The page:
Archive | February 2012

Triumph over blogger’s writer’s block

We’ve all had it.

It stops us from writing a term paper, an essay, a long-answer or extended response. It freezes our keys and forces our computer to open up our Facebook window or look over our Twitter feed again. When it rears its ugly head we suddenly feel the need to create new boards on Pinterest.

Writer’s block.

It sneaks up from behind and freezes your mind. No matter how quickly the words seem to flow, once writer’s block strikes there seems to be no hope. The screen continues to stay white while the annoying cursor stays firmly in the same spot – words refusing to come and any hope of a sentence dying as the blue background of Facebook appears.

So – all joking aside – students, college grads and even professionals know about writer’s block. I experienced when writing my history papers and even today when I blog. It can be extremely frustrating when you plan out a specific time to write…and as soon as you put your fingers over the keys everything seems to stop. Nothing appears on the page, minutes continue to tick by, and nothing happens.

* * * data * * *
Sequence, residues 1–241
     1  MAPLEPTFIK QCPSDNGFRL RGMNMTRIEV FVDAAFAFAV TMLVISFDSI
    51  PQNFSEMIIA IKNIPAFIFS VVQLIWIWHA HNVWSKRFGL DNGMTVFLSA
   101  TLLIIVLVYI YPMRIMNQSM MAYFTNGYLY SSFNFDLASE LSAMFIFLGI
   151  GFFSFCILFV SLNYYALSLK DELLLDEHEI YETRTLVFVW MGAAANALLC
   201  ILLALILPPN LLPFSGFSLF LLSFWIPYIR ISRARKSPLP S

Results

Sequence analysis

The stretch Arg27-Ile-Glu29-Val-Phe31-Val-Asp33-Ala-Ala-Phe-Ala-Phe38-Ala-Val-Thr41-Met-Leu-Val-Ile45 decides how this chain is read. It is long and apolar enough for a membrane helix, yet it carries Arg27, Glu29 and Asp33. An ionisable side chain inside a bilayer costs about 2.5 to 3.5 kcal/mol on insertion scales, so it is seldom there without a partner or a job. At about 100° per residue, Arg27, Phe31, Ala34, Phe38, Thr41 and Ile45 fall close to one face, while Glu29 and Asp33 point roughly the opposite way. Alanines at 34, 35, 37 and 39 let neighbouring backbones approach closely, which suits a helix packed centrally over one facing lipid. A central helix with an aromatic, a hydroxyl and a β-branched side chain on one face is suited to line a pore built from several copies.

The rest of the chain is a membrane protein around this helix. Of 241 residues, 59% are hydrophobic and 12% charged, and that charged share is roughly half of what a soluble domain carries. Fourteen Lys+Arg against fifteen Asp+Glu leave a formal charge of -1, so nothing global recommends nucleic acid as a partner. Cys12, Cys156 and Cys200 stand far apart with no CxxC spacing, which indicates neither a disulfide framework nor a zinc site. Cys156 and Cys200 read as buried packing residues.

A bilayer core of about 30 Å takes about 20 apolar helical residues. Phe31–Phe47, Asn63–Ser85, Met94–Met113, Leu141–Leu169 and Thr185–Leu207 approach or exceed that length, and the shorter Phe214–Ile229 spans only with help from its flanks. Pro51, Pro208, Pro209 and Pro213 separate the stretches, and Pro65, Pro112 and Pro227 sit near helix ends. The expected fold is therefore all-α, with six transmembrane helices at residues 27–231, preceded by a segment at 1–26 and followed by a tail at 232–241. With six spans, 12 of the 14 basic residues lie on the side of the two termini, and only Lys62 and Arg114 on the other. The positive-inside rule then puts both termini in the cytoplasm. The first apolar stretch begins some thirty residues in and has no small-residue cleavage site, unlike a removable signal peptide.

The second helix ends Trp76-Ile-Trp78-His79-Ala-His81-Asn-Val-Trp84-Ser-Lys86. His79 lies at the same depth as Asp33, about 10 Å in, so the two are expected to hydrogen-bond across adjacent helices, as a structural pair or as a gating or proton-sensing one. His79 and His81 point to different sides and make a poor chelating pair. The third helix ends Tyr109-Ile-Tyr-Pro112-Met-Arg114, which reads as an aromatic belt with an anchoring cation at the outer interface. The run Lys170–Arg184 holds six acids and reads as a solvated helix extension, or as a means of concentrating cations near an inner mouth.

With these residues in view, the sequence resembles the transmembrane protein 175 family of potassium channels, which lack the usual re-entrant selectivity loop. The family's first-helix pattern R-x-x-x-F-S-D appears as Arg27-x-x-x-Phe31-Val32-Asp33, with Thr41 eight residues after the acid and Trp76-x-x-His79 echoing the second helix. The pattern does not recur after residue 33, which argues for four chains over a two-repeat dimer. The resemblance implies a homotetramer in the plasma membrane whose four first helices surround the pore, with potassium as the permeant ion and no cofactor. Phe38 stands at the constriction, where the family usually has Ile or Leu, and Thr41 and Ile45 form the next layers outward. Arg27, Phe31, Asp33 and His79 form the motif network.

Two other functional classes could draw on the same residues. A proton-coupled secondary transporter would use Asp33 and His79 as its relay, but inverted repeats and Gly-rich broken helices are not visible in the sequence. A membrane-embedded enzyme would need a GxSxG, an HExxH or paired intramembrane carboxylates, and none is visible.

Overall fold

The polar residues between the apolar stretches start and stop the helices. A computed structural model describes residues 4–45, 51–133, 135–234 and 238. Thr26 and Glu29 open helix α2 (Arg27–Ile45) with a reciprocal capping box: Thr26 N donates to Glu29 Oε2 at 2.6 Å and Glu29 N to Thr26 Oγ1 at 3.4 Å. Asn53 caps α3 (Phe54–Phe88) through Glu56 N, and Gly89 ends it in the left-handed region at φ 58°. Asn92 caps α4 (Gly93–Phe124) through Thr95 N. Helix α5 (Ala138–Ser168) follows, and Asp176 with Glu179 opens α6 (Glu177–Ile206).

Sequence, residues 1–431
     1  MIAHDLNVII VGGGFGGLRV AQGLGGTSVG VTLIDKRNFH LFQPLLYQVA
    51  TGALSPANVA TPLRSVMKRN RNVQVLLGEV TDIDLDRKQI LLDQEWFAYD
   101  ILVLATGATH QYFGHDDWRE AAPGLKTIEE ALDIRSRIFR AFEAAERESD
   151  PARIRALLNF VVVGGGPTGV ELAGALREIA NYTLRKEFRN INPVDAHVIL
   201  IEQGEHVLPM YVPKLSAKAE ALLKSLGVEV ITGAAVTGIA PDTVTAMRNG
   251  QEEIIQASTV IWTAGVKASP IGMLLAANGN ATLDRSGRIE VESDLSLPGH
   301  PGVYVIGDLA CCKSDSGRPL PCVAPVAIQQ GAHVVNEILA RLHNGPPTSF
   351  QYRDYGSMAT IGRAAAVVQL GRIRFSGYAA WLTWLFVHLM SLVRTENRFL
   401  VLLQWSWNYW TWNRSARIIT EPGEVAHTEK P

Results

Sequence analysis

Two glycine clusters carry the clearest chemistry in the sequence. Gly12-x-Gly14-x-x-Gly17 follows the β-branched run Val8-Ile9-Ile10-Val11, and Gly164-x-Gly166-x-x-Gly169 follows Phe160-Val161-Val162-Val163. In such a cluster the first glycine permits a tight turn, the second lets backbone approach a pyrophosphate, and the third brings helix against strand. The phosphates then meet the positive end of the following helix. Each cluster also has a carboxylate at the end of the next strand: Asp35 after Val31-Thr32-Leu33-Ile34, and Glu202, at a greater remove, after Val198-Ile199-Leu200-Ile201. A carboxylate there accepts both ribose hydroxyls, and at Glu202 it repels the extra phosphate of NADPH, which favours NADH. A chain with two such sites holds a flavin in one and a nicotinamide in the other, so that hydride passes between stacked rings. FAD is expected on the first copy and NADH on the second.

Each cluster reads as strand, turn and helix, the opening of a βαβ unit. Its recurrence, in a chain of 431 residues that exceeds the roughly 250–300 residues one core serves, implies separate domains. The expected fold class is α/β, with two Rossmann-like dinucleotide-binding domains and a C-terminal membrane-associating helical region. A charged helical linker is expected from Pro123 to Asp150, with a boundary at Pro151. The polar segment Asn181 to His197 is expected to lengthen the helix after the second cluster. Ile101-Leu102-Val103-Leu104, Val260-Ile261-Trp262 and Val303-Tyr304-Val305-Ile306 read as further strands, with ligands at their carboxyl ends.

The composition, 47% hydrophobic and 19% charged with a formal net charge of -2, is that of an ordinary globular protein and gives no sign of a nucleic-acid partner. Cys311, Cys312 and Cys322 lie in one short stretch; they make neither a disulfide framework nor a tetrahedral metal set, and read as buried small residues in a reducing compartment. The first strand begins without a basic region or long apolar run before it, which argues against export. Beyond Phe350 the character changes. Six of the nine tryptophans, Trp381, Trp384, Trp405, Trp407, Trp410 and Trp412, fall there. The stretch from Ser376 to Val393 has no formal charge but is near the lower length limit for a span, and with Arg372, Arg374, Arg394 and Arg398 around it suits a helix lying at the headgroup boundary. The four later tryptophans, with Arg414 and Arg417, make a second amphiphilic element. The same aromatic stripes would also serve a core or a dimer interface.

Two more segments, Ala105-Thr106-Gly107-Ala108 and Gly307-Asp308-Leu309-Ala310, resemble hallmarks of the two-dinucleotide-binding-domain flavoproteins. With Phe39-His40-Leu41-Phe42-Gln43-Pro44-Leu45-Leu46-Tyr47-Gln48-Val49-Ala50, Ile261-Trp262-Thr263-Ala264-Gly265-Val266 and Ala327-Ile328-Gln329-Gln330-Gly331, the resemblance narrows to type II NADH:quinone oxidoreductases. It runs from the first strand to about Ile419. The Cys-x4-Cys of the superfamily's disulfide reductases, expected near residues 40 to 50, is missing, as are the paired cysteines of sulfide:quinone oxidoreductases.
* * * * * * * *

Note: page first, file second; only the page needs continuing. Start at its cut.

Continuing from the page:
Now that we’ve discussed how writer’s block is annoying and spans to all ages – the big question arises. How do you fix it? Doesn’t matter if you’re writing a paper, essay, blog or email, writer’s block is writer’s block. How do you overcome the dam that stops all ideas from flowing from your brain to your computer or piece of paper?

After an extremely annoying attempt to blog last week where I ended up watching UP with my roomie and wasting time on Pinterest because I could think of nothing to write.